An outsider’s view of Ashtanga and the Confluence

“Outsider” in this context really isn’t fair, but it seems the best way to sum-up Naren from Sangita Yoga’s look back at us and at the Ashtanga Yoga Confluence.

In other words, this isn’t from one of the many attendees nor from one of the teachers. (And believe me, I’ve got my eye out to see when some more of the teachers reflect on the weekend.)

Naren’s put some thoughts to virtual paper on the sacred music performance from the Confluence. Not only does his devoted and serious approach to yoga come through, but he offers a glimpse of us and our practice from someone only recently introduced to Ashtanga. That strikes me as rare and valuable, especially since it doesn’t end with some superficial description of Ashtanga as being the Marine Corps of yoga, etc.

Take a look at his full piece right here. Here’s just a little taste:

Being traditional and a purist in may ways, I confess that I’m often skeptical when Westerners are in charge of anything dealing with India’s sacred traditions.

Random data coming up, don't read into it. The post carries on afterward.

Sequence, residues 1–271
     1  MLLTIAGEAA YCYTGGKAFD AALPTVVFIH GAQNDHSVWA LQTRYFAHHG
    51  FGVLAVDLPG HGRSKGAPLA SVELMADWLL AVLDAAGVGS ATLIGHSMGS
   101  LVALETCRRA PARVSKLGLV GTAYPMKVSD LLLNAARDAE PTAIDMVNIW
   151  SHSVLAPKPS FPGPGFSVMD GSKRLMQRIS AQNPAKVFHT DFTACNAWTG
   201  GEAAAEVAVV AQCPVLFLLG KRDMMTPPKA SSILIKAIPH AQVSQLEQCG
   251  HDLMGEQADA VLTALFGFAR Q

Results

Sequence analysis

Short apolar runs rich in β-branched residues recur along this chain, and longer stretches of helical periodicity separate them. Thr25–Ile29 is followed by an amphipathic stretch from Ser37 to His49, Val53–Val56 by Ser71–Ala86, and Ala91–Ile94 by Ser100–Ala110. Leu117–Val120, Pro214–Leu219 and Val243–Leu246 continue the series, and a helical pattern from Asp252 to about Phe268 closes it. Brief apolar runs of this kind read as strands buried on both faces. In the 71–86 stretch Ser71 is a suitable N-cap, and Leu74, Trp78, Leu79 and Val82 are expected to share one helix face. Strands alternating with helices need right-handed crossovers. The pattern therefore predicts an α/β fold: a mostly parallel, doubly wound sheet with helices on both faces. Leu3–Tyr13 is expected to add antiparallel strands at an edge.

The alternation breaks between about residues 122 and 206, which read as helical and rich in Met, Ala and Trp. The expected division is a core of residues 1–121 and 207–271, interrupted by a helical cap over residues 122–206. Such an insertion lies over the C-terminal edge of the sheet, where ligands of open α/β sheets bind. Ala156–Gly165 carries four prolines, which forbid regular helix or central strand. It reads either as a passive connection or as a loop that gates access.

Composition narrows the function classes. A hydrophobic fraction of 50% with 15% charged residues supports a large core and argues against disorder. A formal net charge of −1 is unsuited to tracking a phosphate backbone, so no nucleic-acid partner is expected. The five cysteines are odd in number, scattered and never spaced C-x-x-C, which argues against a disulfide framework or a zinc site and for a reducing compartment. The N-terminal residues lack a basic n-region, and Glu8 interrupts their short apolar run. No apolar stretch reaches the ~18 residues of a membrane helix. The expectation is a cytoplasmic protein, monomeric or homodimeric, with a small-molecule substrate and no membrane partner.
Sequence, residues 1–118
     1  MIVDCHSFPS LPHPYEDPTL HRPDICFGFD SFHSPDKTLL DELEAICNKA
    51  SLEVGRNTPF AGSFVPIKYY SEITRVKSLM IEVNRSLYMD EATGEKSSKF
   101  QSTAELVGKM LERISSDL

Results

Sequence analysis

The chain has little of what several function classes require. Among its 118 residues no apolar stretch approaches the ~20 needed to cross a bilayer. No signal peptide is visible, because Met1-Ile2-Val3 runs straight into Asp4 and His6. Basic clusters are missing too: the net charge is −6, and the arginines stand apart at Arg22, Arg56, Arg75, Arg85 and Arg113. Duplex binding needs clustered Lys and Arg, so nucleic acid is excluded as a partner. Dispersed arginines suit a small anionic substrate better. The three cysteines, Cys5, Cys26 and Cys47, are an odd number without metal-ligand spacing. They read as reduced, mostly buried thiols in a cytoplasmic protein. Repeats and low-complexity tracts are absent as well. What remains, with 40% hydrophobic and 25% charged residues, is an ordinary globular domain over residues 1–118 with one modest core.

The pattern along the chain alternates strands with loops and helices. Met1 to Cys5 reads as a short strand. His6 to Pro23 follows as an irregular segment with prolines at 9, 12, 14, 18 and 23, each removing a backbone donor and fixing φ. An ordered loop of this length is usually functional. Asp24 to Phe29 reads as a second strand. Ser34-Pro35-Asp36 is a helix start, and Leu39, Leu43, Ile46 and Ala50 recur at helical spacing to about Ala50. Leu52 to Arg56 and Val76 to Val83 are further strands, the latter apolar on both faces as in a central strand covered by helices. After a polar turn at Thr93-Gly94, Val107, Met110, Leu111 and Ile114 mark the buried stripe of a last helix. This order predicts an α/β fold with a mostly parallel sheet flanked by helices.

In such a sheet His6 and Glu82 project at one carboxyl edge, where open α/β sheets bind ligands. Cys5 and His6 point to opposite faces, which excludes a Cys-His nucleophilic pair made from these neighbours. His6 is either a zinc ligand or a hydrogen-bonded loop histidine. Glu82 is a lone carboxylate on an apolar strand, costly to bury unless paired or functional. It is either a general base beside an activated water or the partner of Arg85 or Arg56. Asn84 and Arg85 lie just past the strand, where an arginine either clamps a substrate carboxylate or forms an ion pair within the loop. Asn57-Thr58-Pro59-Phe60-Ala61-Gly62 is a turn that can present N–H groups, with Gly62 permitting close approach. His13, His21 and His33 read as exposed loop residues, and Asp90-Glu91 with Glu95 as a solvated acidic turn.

[snip]

A shortened, yet very authentic, Ganesha Puja was led by Eddie Stern.  We immediately saw and felt his authenticity and reverence. His intention was to invoke Sri Ganesha’s blessings on the conference and convert the resort into a yoga shala, a place of practice and learning.  Those of you who know me know how much we at Sangita yoga value such invocations.

[snip]

Afterwards, our Sangita Yoga crew sat together talking about the event.  We were very impressed with the sincerity of the ashtangis and their determination to stay true to the traditions of India, brought by their Guru, despite living in a society where quick n’easy usually trumps authenticity and discipline.

That last paragraph, especially, captures a substantial part of the essence of the Ashtanga practice — and certainly much of what the gathering of teachers last weekend highlighted.

As I’ve already urged you, click through and read all of his piece. (Pay no attention to the quote from a “veteran ashtangi,” though.) Naren uncovers some deep truths about yoga, our practices and the paths we all are on. And you can look around the site a bit — there’s lots of resources there. And we love resources.

I’ll also urge you not to miss Sangita Yoga if you have a chance in the future. (Don’t forget, you also can buy Naren’s recent album at this site.)

Posted by Steve

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theconfluencecountdown

Two Ashtangis write about their practice and their teachers.

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